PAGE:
/ Is 10.3 kg heavy for a road bike?
So my question is - does 10.3kg sound really heavy, or not much more than an alloy bike?
My carbon road bike is 8Kg, my steel commuter is 12Kg though in the latter's case the Schwalbe Marathon tyres account for a good proportion of that.
Add two full water bottles to my carbon bike and it's 9.5Kg do I notice the difference? Not really. The difference between my two bikes isn't so much the weight but how it's distributed and how the frame responds to pedalling force being applied.
Weight (within limits) isn't the be all and end all that some think it is - I've read somewhere that an extra kilo weight is the equivalent performance wise to sticking an upright pencil on the stem.
I think it sounds a bit heavy to me. Back in the days a good steel 531 bike would come in at around 9.5kg (21lbs). I've no idea of your budget or where you intend to ride it but I wouldn't be spending a lot on it.
Interestingly the £300 aluminium decathlon tri band 3 comes in at a heavier 10.5kg so that might give you an idea of target cost to weight ratio.
This one - http://www.spacycles.co.uk/products.php?plid=m1b0s21p2866 (or the SRAM equivalent)?
From the comment about the Shimano R500 wheelset being lighter I suspect that the wheels are pretty heavy as the R500s aren't light.
In reply to a lakeland climber:
£1300 seems a lot for a 10.3kg bike. The 72.5 deg angles will be comfortable mind. If that saddle weighs anything like brooks it's modelled on, then there is significant weight saving to be made right there.
To buy that bike you have to love the yee olde period features rather that be worried about weight. You'll not go up hills fast on that bike.
For £1300 you could do a lot worse than call into one of the excellent local bike shops in cumbria and ask them to build you a custum bike on an aluminum winter/audax frame with Shimano 105 gears and hand built wheels
I've got lighter mtbs
So - recommend me a bike for them Cumbrian hills!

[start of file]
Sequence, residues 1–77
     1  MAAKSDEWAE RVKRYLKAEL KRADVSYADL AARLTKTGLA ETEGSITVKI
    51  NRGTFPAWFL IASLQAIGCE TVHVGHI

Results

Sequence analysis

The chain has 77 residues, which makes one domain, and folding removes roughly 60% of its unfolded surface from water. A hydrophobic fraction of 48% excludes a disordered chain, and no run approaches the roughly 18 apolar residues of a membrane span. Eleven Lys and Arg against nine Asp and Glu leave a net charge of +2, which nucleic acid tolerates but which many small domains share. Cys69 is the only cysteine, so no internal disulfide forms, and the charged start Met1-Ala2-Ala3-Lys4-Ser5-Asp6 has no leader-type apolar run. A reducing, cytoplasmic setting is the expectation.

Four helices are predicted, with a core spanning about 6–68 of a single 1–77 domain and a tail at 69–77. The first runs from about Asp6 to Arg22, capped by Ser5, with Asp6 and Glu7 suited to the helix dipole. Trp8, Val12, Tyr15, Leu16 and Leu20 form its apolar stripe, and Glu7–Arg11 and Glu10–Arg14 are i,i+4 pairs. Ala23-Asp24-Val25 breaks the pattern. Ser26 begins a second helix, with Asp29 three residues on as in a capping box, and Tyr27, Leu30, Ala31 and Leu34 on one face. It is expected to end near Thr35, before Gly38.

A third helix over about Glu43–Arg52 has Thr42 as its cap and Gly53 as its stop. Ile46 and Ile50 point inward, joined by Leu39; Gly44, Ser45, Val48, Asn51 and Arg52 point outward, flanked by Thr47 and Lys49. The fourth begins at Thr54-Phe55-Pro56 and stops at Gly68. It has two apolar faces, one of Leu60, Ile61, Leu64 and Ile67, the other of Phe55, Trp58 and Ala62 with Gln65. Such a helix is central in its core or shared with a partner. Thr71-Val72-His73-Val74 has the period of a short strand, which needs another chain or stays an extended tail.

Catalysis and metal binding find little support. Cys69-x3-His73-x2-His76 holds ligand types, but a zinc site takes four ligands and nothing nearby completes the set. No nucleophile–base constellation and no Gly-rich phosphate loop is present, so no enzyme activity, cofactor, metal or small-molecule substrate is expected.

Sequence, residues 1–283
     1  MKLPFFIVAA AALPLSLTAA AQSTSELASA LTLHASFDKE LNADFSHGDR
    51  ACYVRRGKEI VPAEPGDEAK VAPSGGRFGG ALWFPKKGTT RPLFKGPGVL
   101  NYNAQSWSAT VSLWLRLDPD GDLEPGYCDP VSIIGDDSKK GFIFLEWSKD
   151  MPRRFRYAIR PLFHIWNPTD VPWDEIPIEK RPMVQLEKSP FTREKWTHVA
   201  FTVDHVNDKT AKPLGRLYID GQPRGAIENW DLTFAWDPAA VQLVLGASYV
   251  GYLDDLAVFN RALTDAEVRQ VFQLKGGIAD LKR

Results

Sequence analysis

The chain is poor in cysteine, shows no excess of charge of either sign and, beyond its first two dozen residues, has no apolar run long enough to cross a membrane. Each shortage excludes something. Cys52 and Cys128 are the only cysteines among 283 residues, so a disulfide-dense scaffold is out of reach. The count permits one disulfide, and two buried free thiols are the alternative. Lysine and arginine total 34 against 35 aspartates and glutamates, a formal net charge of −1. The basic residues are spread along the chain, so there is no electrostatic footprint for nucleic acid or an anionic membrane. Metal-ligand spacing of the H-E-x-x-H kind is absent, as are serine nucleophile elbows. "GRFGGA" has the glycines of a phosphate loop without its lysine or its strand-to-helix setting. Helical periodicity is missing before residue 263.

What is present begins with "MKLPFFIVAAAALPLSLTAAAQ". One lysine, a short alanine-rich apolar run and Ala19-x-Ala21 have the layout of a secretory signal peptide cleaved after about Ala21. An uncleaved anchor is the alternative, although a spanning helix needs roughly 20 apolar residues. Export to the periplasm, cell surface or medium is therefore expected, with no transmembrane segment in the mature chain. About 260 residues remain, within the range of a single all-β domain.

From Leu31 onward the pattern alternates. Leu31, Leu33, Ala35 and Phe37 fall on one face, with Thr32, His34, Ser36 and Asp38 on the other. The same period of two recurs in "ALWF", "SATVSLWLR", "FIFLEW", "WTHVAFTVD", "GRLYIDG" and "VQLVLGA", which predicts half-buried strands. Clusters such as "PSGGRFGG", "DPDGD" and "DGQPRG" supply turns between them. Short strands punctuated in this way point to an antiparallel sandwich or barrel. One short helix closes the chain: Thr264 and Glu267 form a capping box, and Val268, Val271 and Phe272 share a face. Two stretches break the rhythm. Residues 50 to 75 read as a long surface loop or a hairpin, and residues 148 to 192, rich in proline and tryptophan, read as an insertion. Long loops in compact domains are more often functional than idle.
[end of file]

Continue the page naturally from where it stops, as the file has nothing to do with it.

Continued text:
Where in Cumbria are you? It's a pretty big county! If you are in the Kendal area then Brucie's Bikes (at the entrance to the Abbot Hall car park) does, or used to, custom build bikes.
I'd go for anything with a relaxed frame and a decent rake on the front fork. Everything gets compartmentalised these days so what once might have been a "race" bike with extra rake on the forks is now called a "sportive" or "audax" bike. There's a bit of overlap though.
You don't say what type of riding you'd be doing - long day tours or something more akin to training? Your weight would make a difference as well - going for something with 20 spoke wheels might not be a good idea if you are 100Kg!
In a way buying a bike is a bit like buying (very expensive) rock shoes - they all do the job and until you've tried a pair on and done some routes then you can't figure out if it's the one for you. Unless you are lucky you need a bit of trial and error. Too much error though and you'll be put off biking for good!
Yes - Kendal area - day tours, fitness - definitely not racing or anything competitive - nearer 70kg than 100 - comfort and hill
climbing ability more important than speed and acceleration
I'm in Kendal and have a Wilier Montegrappa Xenon. Was going to do the Fred on it this year, but a minor op on my foot and now tendonitis in my adductor tendon has ruled me out. It's a bloody comfortable bike and if you get a 28 tooth cassette, it will climb anything.
Try Ghyllside in Ambleside if you want a steel bike. They do a range of their own bikes (I have one) and are very knowledgeable and helpful. Also look at the Thorn Audax Mk3, which might be a bit more sprightly. Also look at Ribble and Dolan, where you can get a much better bike than you might think you can afford. Have you thought of carbon? Comfortable, relatively inexpensive and more durable than everyone would have you believe.
The Spa bike is actually quite good value for what it is but it may be a bit too leisurely for Cumbria. Spa are also, in my experience, terrible to deal with.
> So my question is - does 10.3kg sound really heavy, or not much more than an alloy bike?
Unless your racing, a slightly heavier bike will only get you fitter. Don't worry about it
Spa mostly cater for touring and hence their bikes will tend to be heavier but practical. It depends what you want the bike for. There is no point in buying a bike because it is lighter and then adding mudguards/heavier tyres etc and ending up with the same weight. Do you want a light stripped down race bike or a heavier but more comfortable/practical all day bike?
My posh race bike weighs 6.5 kg
My commute bike (another race bike) is 7.5kg
My Tourer is probably around 15kg
10.3 for a steel audax bike with mud guards etc sounds reasonable. Don't get too hung up on frame material, my least comfy bike is a steel frame race bike, it's mainly in the design and geometry rather than the material.